Valid Spaying and Neutering
The spaying and neutering of pets is a responsible action all animal owners should consider. Throughout the country, streets and animal shelters are full of homeless dogs and cats facing starvation, disease, and the chance of being euthanized.
If you're interested in spaying or neutering your pet, Fort Hunt Animal Hospital is the place to go. Call (703) 360-6100 today to make arrangements.
Answers to FAQs About Pet Sterilization
Why spay or neuter my pet?There are many benefits to spaying and neutering. These procedures are very safe when a licensed and experienced vet performs them. More so, many families find these procedures help to improve a pet’s disposition. There are also medical benefits to the process.
For example, spaying your pet can help prevent uterine infections and even breast tumors in pets. These are malignant or cancerous tumors that develop in as many as 50% of dogs and 90% of cats. Neutering male pets is also beneficial because it can help to prevent certain types of sexual behaviors, including male aggression, the desire to roam, urine marking, and sexual activity.
It’s also important to recognize the need for spaying and neutering from the vantage point of animals on the street. Each year, some 3.7 million cats, dogs, and other animals are euthanized at shelters because they simply do not have anyone to adopt them. Spaying and neutering minimize this number in a safe way.
Other benefits include:
- Female pets tend to live a longer and healthier life
- Neutering can prevent testicular cancer and some types of prostate concerns
- Females will not go into heat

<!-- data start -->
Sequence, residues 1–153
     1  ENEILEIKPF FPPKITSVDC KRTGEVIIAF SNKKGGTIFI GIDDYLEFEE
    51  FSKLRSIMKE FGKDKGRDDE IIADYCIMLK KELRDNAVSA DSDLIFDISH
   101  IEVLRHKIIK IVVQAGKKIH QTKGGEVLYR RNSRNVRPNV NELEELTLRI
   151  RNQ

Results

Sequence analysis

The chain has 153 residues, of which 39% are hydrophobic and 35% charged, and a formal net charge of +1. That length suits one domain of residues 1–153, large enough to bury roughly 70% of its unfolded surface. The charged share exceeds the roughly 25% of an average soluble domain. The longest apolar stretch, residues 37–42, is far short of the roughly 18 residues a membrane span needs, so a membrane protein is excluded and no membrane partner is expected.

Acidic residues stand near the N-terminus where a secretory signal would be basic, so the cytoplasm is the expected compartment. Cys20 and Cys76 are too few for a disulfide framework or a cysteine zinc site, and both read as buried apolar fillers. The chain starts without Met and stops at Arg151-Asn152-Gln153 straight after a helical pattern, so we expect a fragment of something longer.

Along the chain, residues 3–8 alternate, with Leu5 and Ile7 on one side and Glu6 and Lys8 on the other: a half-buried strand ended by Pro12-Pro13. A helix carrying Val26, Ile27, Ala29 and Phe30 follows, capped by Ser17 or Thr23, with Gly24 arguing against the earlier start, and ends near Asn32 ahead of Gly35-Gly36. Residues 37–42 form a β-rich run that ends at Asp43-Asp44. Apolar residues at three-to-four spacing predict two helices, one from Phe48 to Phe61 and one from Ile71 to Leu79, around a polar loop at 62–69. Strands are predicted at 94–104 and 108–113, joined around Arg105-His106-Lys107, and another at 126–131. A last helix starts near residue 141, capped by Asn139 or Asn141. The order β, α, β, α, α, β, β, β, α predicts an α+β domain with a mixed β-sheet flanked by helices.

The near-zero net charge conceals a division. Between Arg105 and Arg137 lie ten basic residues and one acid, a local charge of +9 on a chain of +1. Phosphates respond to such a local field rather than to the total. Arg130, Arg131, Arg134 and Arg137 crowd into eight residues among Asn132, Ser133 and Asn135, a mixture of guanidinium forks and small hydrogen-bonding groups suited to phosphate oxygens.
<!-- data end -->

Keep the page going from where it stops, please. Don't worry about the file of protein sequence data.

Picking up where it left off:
- It’s less expensive than trying to home a litter
When should I spay or neuter my pet?
There can be some differences in when you should have your pet spayed or neutered. The primary concern is that your pet is healthy enough for the procedure and any unresolved health complications are under care.
It’s always beneficial to talk about this process with your veterinarian at your pet’s first appointments.
What do the terms spay and neuter mean?
Spay is an ovariohysterectomy, the removal of the uterus and ovaries. Neuter is an orchiectomy, the removal of the testicles. When a pet is spayed or neutered, they can no longer get pregnant or impregnate another animal. Once an animal has been spayed or neutered, which is often referred to as fixed, the surgery is a permanent solution that cannot be reversed.
What is the difference between spaying and neutering?
To have a pet spayed involves removing the reproductive organs of a female dog or cat. Neutering, on the other hand, is the removal of a male animal’s testes. Each of these services involves pet surgery, which we perform here at Fort Hunt Animal Hospital.
When should I get my pet spayed or neutered?
Typically, you would want to get your pet spayed or neutered before they sexually reproduce. While the exact timeline differs in the veterinary community, we recommend getting your dog or cat spayed or neutered before they are six months old.
This reduces the likelihood that a female cat or dog will go into heat, which can ensure they do not reproduce before they are spayed. For male cats and dogs, having them neutered before they are six months old reduces the aggressive behaviors associated with the desire to reproduce.
Why should I spay or neuter my pet?
The primary reason pet owners spay or neuter their pet is to prevent the animal from reproducing. However, there are several health benefits associated with this type of pet surgery.
By removing a female pet’s reproductive organs the animal will avoid cancers of the reproductive organs, as well as breast tumors and uterine infections. The ASPCA notes that 90% of these tumors are malignant in female cats and 50% are deadly in female dogs.
For males that are neutered, there is some evidence that early neutering reduces joint problems and some forms of cancer, according to Cesar’s Way.
Neutered pets are also less likely to wander off or leave home to search for a mate.